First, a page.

We report two patients with severe BPD whose clinical course was complicated by LVDD. Both patients had delayed recognition of LVDD. Although there were subtle findings of LVDD by echocardiogram, cardiac catheterization was required to make the diagnosis in both patients. Both experienced significant hemodynamic and clinical improvement with afterload reduction therapy.
These findings are interesting because they bring to light a potentially treatable cardiac complication of late BPD. Pulmonary edema and PH are known complications of severe BPD attributed to chronic inflammation and impaired pulmonary alveolar and vascular development. Thus, hemodynamic assessment of patients with BPD has focused on evaluation for PH and right sided function. However, left ventricular abnormalities have been associated with death in severe BPD (1
). Persistent late pulmonary edema, despite aggressive diuretic use, or worsening pulmonary edema in response to PH treatment with vasodilators such as iNO or sildenafil () are unexpected responses that may require cardiac catheterization to rule out left sided cardiac dysfunction or anatomic abnormalities, such as pulmonary venous obstruction. LVDD was found in our patients, and treatment with afterload reduction agents (although angiotensin-converting enzyme inhibitors likely have additional mechanisms of action) was associated with improved pulmonary status and subsequent weaning of ventilator support, oxygen, diuretics, and steroids.
LVDD is characterized by increased stiffness and abnormal relaxation of the ventricle, which leads to elevated LV filling pressures and abnormal early diastolic filling (6
). LVDD is difficult to diagnose because it produces signs and symptoms often attributed to the lung disease of BPD, and patients are not routinely screened for this complication. The diagnosis of LVDD in our patients was based on elevated LAP (or its surrogate, PCWP) in the absence of volume overload or evidence of LV systolic dysfunction. Volume overload is an unlikely cause for increased PCWP because both patients were aggressively managed to achieve an even or negative fluid balance around the time of hemodynamic assessment. Thus, although a PCWP of 12 mm Hg measured in patient 2 can be interpreted as being only mildly elevated, it likely represents a significant elevation given the aggressive fluid management. Even though elevated LAP can be due to either LV systolic or diastolic dysfunction or both, measures of systolic function by echocardiogram (percent fractional shortening and LV ejection fraction) appeared normal, suggesting LVDD as the predominant reason for elevated PCWP. A retrospective review of BPD patients undergoing cardiac catheterization at our institution (including the patients reported here) revealed a PCWP ≥ 12 mm Hg in 8 of 33 studies (26%) and ≥ 16 mm Hg in 4 of 33 (12%), suggesting that LVDD may not be uncommon in patients with severe BPD.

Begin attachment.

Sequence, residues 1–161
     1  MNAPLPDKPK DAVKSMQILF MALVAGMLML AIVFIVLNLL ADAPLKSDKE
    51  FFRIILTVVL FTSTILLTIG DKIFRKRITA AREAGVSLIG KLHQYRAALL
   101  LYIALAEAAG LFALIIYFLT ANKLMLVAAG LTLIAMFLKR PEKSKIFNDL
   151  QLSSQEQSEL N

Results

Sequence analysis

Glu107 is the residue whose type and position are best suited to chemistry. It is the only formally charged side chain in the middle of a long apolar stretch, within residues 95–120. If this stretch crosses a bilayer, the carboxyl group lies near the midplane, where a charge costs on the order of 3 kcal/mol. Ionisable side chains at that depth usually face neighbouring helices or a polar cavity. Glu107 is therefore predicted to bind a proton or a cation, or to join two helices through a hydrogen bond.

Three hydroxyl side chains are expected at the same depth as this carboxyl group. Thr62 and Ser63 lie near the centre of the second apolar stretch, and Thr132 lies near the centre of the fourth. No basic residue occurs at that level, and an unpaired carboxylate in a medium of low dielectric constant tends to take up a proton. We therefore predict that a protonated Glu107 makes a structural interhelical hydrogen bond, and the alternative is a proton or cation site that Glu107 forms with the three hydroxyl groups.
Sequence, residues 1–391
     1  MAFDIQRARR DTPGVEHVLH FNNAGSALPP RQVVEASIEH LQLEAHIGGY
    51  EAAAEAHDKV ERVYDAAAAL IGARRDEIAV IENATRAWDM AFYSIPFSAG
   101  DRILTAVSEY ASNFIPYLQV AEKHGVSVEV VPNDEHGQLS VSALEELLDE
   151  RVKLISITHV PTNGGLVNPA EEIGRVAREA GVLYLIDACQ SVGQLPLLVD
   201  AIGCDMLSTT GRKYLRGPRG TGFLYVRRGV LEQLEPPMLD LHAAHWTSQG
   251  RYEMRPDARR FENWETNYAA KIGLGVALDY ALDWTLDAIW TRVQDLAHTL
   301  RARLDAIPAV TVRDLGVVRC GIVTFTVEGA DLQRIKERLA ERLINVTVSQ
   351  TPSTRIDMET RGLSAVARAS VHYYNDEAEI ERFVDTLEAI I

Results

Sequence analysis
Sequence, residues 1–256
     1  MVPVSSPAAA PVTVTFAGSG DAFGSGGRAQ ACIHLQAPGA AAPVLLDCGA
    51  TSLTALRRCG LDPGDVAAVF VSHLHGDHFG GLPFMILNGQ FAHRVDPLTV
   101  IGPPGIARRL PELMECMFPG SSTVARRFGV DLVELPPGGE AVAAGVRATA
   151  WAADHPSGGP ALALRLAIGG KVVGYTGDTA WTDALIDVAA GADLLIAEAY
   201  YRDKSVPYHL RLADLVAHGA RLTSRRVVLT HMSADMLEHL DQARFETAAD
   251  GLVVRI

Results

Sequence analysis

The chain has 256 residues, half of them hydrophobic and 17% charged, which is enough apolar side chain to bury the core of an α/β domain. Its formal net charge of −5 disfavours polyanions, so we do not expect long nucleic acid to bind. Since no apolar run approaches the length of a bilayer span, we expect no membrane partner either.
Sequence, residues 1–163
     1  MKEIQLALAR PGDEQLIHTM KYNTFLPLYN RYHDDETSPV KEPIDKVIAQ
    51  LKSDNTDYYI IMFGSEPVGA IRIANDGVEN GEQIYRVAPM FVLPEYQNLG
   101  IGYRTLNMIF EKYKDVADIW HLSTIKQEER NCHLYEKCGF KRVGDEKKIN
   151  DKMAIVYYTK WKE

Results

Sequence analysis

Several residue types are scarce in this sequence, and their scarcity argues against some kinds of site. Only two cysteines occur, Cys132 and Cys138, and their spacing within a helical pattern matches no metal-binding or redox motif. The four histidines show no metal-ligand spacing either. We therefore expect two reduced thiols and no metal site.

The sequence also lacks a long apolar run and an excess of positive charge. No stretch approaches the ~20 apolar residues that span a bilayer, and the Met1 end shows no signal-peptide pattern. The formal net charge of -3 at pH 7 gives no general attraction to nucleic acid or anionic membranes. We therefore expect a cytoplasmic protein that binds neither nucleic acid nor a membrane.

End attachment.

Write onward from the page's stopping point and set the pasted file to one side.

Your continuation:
Although there are echocardiographic techniques, including Doppler tissue imaging (DTI), that may provide noninvasive assessments of diastolic dysfunction (3
), these techniques have not been well defined in infants and are not generally part of routine echocardiogram studies in patients with BPD. The profile of usual diastolic dysfunction by Doppler echocardiogram is characterized by a higher peak A wave (transmitral flow peak velocity during atrial contraction) than peak E wave (transmitral flow peak velocity of early diastole). Although this profile is considered normal in neonates, with advancing age, the ratio of peak E to peak A wave (E/A) progressively increases, which is interpreted as demonstrating the age-related maturation of myocardial compliance toward an adult pattern. Although pre-term infants may have delayed maturation (3
), prior Doppler studies in both patients had shown this normal progression (data not shown), but at the time of clinical deterioration and cardiac catheterization, the ratio had decreased, consistent with worsening diastolic function. Recently, DTI of the myocardium was used to assess regional myocardial function. The ratio of E to the early diastolic mitral annular tissue Doppler myocardial velocity (Ea), termed E/Ea, correlates with PCWP (7
). Although no specific cutoff values have been described in this population, the measurements performed in Case 1
appear consistent with diastolic dysfunction.
Mechanisms responsible for LVDD and physiological impact on BPD remain unclear, but LVH has been associated with dexamethasone treatment for the prevention of BPD in premature infants (2
). In these patients, LVH completely resolved after steroid discontinuation, but LV chamber size remained low in some infants, suggesting the possibility of persistent subclinical LVDD. Both patients reported here were exposed to systemic steroids, but only the patient in Case 2
was exposed to prolonged and repeated courses.
In summary, these cases suggest that LVDD can be an important complication of severe BPD, especially in patients who fail to respond to traditional therapies. High diagnostic suspicion is required for diagnosis, but treatment of LVDD may improve outcome for selected patients.